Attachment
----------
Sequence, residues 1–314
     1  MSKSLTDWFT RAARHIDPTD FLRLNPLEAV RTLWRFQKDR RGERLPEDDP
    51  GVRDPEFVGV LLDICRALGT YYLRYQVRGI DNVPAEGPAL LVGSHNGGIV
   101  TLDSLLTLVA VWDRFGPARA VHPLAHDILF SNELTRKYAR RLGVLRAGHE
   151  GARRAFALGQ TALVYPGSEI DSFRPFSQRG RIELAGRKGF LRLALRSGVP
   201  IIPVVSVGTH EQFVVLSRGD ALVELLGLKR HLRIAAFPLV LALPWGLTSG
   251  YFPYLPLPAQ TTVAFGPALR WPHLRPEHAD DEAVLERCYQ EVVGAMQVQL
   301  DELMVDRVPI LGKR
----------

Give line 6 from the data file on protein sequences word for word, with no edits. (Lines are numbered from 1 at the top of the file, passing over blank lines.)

   201  IIPVVSVGTH EQFVVLSRGD ALVELLGLKR HLRIAAFPLV LALPWGLTSG